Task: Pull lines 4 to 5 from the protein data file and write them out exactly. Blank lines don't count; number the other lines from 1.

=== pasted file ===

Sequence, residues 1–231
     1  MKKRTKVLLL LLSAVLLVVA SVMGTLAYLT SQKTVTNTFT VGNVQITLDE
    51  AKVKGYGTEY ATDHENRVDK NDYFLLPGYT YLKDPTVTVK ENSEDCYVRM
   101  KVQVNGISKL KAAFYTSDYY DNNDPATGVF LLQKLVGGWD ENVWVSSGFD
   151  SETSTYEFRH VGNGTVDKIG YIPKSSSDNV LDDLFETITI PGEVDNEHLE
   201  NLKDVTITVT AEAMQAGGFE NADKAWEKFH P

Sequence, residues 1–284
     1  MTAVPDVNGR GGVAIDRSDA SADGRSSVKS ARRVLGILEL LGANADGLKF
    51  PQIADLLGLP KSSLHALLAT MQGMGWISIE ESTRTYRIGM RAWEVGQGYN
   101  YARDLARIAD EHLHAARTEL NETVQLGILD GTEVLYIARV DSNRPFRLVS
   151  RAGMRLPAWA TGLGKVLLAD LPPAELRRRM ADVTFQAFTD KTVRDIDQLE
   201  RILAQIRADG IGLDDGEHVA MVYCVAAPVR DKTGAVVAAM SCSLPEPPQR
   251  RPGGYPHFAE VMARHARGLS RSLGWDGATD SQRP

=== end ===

   101  KVQVNGISKL KAAFYTSDYY DNNDPATGVF LLQKLVGGWD ENVWVSSGFD
   151  SETSTYEFRH VGNGTVDKIG YIPKSSSDNV LDDLFETITI PGEVDNEHLE